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For Persons with ALS

The diagnosis of ALS is a life-changing event for you and your family. This can be an emotional time for everyone involved. For many patients, taking part in the National ALS Registry is a way to contribute to the fight against this disease.

The National ALS Registry was created by Congress to help find out who gets ALS, how many people in the United States have ALS, and most importantly, to find out what are the risk factors for ALS. Since launching in October 2010, the Registry has allowed patients to take part and help researchers try to answer these questions. The information that is gathered from persons with ALS will allow researchers to make progress in the fight against ALS.

ALS Research Counts on You

Persons with ALS can join the Registry safely and securely. There is no cost to join, and it is completely voluntary. Persons with ALS who join can:

  • Take risk factor surveys that may ask about where they worked, lived, sports they played, military and job history, as well as other questions.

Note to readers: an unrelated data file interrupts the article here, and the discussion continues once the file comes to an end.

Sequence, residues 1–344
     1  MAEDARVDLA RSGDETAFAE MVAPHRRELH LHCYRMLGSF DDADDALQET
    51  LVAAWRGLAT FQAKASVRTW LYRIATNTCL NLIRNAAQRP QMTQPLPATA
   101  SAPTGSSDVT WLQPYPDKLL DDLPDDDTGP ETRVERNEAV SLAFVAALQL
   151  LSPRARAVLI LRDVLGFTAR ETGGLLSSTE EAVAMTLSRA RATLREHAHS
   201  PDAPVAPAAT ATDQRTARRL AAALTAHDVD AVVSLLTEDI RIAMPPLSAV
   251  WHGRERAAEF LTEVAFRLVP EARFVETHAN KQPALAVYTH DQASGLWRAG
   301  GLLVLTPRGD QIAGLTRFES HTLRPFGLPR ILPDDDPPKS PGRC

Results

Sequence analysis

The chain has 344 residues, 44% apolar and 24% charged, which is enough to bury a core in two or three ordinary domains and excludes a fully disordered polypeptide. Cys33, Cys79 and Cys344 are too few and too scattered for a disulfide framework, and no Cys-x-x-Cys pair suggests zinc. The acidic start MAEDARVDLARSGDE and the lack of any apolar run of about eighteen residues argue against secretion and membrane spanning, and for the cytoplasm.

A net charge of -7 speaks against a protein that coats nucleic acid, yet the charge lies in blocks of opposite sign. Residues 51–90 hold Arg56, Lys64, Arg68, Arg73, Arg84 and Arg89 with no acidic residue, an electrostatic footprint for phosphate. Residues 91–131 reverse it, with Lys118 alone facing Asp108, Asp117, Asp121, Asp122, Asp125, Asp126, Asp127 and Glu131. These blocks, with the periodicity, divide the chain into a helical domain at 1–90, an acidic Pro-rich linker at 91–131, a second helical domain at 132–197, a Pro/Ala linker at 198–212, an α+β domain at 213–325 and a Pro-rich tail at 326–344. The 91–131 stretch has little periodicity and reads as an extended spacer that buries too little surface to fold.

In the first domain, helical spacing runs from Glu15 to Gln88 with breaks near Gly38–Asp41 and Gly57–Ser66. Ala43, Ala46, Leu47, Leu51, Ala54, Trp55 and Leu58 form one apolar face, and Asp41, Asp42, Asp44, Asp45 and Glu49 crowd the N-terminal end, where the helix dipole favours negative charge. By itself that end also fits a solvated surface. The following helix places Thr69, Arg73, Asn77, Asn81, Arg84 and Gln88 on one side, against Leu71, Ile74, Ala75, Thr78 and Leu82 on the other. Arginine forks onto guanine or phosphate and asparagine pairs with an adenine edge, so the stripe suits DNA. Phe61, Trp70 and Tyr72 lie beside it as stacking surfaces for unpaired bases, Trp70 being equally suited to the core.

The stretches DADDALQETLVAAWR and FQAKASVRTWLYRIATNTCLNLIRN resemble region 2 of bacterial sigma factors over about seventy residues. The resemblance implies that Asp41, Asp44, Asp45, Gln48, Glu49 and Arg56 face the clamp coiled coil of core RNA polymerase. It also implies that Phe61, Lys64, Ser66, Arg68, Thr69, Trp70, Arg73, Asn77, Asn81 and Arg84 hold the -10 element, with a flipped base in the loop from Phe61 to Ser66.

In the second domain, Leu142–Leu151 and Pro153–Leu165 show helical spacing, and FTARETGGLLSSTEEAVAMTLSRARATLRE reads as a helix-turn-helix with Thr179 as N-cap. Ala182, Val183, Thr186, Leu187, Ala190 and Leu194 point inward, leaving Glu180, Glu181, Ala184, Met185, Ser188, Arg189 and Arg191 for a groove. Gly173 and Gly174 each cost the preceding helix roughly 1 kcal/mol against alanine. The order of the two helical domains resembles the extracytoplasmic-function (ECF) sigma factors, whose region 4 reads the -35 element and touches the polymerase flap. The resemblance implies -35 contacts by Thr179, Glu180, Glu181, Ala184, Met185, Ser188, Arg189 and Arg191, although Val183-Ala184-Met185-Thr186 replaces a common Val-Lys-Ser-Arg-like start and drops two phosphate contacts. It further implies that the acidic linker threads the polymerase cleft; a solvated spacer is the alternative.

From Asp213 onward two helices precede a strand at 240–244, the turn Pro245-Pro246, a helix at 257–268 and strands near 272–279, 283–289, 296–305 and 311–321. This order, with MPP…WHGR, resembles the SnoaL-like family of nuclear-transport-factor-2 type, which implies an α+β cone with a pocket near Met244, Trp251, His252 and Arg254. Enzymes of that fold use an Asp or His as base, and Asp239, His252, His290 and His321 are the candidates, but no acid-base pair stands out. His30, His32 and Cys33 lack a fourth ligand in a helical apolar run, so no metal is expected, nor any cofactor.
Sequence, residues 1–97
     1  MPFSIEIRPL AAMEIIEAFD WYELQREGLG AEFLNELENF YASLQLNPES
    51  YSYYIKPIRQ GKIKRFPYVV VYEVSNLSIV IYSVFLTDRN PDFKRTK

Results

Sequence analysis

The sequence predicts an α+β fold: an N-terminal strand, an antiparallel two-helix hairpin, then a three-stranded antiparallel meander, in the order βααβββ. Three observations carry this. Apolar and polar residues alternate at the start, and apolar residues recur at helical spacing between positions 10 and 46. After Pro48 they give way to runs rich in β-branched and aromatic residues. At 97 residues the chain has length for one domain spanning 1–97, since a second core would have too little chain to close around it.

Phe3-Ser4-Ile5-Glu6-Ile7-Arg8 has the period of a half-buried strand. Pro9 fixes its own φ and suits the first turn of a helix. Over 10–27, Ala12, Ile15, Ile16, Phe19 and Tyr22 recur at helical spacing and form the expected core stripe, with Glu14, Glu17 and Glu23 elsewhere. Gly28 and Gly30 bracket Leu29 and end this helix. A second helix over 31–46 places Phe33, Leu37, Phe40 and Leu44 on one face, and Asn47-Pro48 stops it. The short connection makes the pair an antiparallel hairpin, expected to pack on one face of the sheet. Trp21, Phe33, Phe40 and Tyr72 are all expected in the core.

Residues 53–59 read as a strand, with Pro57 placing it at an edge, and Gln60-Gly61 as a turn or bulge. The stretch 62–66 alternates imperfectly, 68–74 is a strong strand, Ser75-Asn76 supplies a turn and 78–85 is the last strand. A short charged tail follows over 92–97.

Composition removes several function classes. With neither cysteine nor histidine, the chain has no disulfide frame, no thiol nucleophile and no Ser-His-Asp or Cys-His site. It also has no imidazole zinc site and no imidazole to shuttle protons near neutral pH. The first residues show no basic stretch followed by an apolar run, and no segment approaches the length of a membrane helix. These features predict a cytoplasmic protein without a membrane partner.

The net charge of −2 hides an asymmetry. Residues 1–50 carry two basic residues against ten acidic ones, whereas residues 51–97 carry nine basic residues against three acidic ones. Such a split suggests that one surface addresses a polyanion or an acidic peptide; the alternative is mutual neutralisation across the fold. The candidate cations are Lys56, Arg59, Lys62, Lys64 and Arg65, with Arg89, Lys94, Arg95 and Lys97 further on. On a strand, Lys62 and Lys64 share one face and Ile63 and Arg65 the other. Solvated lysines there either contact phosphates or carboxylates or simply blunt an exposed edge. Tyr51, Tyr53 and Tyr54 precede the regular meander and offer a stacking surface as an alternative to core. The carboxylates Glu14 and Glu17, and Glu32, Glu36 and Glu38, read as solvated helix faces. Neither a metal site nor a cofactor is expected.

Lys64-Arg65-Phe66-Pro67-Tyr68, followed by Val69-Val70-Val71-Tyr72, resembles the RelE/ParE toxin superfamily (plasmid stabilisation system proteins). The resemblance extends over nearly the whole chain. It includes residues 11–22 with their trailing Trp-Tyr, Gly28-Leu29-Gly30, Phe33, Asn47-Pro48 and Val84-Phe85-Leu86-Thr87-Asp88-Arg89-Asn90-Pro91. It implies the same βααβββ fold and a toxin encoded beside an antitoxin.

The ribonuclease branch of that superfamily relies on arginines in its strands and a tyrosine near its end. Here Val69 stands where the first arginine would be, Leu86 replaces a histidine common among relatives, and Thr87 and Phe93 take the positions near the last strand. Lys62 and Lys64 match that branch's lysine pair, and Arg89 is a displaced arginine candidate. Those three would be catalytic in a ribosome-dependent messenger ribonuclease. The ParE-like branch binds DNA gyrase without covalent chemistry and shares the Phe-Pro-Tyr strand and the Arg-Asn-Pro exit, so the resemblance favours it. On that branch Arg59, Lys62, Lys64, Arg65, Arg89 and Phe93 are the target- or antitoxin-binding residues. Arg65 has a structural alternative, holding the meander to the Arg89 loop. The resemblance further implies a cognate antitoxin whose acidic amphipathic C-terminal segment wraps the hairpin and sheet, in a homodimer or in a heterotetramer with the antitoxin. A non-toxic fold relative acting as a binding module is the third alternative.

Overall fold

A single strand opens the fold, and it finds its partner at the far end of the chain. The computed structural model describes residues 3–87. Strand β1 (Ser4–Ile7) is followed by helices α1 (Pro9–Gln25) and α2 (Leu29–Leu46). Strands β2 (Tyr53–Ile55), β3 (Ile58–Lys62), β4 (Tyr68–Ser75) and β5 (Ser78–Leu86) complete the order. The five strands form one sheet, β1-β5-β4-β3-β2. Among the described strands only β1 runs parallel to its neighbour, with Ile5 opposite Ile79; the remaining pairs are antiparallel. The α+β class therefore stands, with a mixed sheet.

• Learn how they can donate their blood and saliva to the National ALS Biorepository to help researchers in the study of biomarkers, genetics of ALS, how the disease progresses, and potential treatments
  • Choose to receive emails about clinical trials and epidemiological studies. Watch the video that explains more about the Registry.

Organizations that Offer Support and Help

Persons with ALS and their caregivers do not need to fight this battle alone. Help is available from the following national and local organizations. (Note, the CDC/ATSDR does not endorse the content on the respective websites).

  • ALS Association: largest ALS organization in the United States serves persons with ALS and supports caregivers.
  • Muscular Dystrophy Association: organization that also serves persons with ALS and their caregivers.
  • Les Turner ALS Foundation: organization that servers persons with ALS and their caregivers in the Chicagoland area.
  • ALS Untangled: provides information to persons with ALS about treatments and helps to identify misinformation.

Resources for Veterans

Veterans are twice as likely to develop ALS as those who have not served. There are benefits available for veterans that are not available for civilians. To learn more about these benefits, click here.

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